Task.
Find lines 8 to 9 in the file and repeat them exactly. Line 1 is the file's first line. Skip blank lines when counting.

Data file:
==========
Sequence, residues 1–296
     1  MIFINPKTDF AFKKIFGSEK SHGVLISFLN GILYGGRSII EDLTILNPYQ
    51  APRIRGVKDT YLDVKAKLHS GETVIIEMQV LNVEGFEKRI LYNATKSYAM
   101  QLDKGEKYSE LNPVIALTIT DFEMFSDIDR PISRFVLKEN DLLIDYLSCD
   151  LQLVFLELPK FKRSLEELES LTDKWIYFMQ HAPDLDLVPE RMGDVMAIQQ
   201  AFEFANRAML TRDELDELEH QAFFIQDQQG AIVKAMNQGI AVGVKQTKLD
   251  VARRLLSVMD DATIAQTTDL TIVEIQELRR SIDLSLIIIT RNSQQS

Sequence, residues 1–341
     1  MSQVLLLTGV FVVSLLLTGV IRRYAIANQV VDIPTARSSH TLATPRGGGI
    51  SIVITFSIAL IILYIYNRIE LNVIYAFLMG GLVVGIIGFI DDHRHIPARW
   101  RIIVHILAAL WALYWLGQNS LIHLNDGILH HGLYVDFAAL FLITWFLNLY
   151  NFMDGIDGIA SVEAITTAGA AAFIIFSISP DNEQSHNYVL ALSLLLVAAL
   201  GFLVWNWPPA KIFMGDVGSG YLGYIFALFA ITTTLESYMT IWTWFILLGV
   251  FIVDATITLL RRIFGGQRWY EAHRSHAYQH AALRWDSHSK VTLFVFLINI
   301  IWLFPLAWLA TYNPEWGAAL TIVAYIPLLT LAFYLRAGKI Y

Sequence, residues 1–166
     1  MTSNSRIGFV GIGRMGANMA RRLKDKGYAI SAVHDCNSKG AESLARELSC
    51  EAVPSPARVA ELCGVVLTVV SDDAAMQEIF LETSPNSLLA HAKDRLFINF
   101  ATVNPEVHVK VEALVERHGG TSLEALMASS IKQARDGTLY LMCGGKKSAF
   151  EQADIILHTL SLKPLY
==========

Sequence, residues 1–341
     1  MSQVLLLTGV FVVSLLLTGV IRRYAIANQV VDIPTARSSH TLATPRGGGI